Pastor letter in response to events on 1/6/21

Thursday, January 7, 2021

A Pastoral letter in response to the events at the US Capitol on January 6, 2021 by the Rev. Matthew Best

Dear members, friends, and faithful disciples at St. Stephen Lutheran Church,

Psalm 6:2-3 states:

“Be gracious to me, O Lord, for I am languishing;

            O Lord, heal me, for my bones are shaking with terror.

My soul also is struck with terror, 

            While you, O Lord – how long?”

Psalm 6 is a Psalm for recovery from grave illness.  We face a literal grave illness in the form of a virus that has taken the lives of over 350,000 of our fellow citizens since the beginning of the pandemic.  

We face other grave illnesses in this nation as well – deep, bitter divides in our nation that have been building up for decades and have only now risen to an emotional boiling point that we saw erupt in our nation’s Capital yesterday.  

Violence and taking over the Capitol Building are wrong and are dangerous for our nation.  Such actions destabilize the nation and rip apart trust between citizens and those who govern.  More than that, such actions are not in alignment with the way of Jesus. 

The Rev. Dr. Martin Luther King, Jr, said this about violence in his Nobel Lecture on December 11, 1964 entitled, “The Quest for Peace and Justice” – “…violence never brings permanent peace. It solves no social problem: it merely creates new and more complicated ones. Violence is impractical because it is a descending spiral ending in destruction for all. It is immoral because it seeks to humiliate the opponent rather than win his understanding: it seeks to annihilate rather than convert. Violence is immoral because it thrives on hatred rather than love. It destroys community and makes brotherhood impossible. It leaves society in monologue rather than dialogue. Violence ends up defeating itself. It creates bitterness in the survivors and brutality in the destroyers.” 

Violence takes on many forms – not just physical violence.  And in each case, the violence used is wrong and immoral.  And it leads to the same end – hatred, destruction of trust and community, bitterness, and brutality.  It blinds us from seeing the Image of God in others and even ourselves.  It builds a wall of separation that prevents us from experiencing God’s Shalom wholeness.  It pushes us away from living in holy community with God and others.  Make no mistake, advancing conspiracy theories, disregarding or manipulating the truth, scapegoating other groups of people, blind loyalty, and declaring that political opponents are enemies that endanger the nation are forms of violence and are just as destructive as physical violence.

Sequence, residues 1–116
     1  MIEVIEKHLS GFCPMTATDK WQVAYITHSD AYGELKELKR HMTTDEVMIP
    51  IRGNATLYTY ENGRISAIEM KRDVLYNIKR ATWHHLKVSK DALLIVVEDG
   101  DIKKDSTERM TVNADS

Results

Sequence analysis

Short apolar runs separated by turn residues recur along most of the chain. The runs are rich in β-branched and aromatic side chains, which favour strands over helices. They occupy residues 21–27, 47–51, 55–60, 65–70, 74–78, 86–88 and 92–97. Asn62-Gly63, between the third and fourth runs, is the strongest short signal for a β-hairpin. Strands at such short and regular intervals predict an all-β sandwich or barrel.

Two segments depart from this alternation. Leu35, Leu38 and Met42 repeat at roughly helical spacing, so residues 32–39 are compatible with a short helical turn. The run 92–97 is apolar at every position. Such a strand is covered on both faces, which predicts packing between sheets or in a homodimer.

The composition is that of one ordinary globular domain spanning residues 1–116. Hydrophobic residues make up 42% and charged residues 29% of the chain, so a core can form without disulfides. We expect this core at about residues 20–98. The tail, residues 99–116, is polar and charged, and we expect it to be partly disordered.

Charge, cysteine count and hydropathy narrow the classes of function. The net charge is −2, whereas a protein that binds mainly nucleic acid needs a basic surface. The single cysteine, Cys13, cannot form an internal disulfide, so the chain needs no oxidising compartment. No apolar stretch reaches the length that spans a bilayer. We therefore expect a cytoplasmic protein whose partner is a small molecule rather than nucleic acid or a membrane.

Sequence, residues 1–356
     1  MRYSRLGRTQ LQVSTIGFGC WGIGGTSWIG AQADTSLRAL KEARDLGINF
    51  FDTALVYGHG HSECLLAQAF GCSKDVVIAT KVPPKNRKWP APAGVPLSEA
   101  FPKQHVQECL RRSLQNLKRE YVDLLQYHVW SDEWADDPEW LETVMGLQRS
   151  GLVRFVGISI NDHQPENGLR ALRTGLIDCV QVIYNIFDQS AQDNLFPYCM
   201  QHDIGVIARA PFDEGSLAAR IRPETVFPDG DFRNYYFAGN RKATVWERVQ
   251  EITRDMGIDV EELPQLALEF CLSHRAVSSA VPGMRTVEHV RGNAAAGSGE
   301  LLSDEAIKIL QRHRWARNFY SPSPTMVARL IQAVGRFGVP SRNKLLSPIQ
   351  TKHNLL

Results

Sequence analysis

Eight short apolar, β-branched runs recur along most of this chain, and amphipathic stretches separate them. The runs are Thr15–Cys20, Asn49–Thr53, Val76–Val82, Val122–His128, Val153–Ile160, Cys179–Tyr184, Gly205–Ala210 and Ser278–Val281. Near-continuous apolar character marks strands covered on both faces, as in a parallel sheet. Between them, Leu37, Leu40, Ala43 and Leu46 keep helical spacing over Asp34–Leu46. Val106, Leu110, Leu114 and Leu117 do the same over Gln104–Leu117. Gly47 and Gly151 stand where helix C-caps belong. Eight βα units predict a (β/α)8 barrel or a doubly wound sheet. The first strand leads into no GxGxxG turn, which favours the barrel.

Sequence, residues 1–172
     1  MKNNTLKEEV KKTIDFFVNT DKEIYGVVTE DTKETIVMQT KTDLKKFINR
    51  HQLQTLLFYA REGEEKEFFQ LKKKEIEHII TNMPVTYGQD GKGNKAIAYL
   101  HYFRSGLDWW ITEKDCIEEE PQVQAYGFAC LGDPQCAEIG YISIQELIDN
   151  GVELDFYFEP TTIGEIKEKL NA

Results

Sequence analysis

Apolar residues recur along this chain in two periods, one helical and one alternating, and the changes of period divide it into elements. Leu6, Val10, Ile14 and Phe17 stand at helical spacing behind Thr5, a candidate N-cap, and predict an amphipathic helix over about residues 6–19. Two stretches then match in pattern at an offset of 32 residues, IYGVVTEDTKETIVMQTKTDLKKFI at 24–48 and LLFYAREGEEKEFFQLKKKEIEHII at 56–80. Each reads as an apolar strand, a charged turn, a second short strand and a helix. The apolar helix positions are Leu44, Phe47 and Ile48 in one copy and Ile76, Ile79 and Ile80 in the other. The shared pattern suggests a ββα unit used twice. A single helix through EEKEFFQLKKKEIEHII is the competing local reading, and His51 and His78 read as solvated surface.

We do not have to continue down this path as a nation.  We have a choice as to what we do with the grave illnesses that we face.  We can move towards healing as a nation or towards a terminal diagnosis if these grave illnesses are not treated.  

Healing is a long process that never really ends.  Healing is often not easy.  Healing takes patience.  But healing is the only thing that leads to a thriving life, healthy relationships, and trust.  Without trust, there is no community, no shared values, and no nation.  While I don’t have the answers to how we heal, I do know that we must.  I call on all of us to spend time in prayer over the next several days asking for God’s guidance.  

This is a tragic moment in our nation’s history.  One that we don’t know the full extent of or the full effect of the events that happened yesterday.  But I do know this.  That Jesus is very present in the midst of such tragedy.  We worship a God who took on human flesh in a difficult time in human history – a time of deep divide and immense violence.  And it was in the midst of this environment that God decided this would be a good time and place to be manifest in creation, to walk amongst the human beings that God loves in an irrational way, and to present the reality of the inbreaking kingdom of God.  It was in that time that Jesus presented a different way to live – individually and as a community. 

A way marked by peace that contrasted with the abhorrent violence committed on many.  A way marked by mercy that contrasted with shows of strength.  A way marked by forgiveness that contrasted with blame and hard heartedness.  A way marked by love that contrasted with fear and anger.  

A great tragedy occurred yesterday.  One that leaves us speechless.  As the psalmist says – “for I am languishing; O Lord, heal me, for my bones are shaking with terror.  My soul is struck with terror.”  

Jesus hears our cry.  And he comes to us, as he always has.  He comes in the midst of great tragedy and suffering.  Jesus knows about grave illness.  He has healed many grave illnesses before.  The time is now for our grave illness to be acknowledged, repented of, and to be healed. 

Please pray with me.  Healing God, we cry out to you.  We face a grave illness in our land.  Something that terrifies us.  Over and over you sent messengers to us with the same message – “Do not be afraid.”  You can say that because at the core of your message is this reality – we are not in charge.  We are not in control.  You are.  Heal this nation.  Release those in bondage to the many grave illnesses we face.  Soften hearts.  Open ears to hear.  Clear eyes to see your image in others – especially those that we deem as enemies.  Extend our hands to offer healing touch and invitations to community and trust.  We pray this in your precious name.  Amen.

Blessings,

Pr. Matthew

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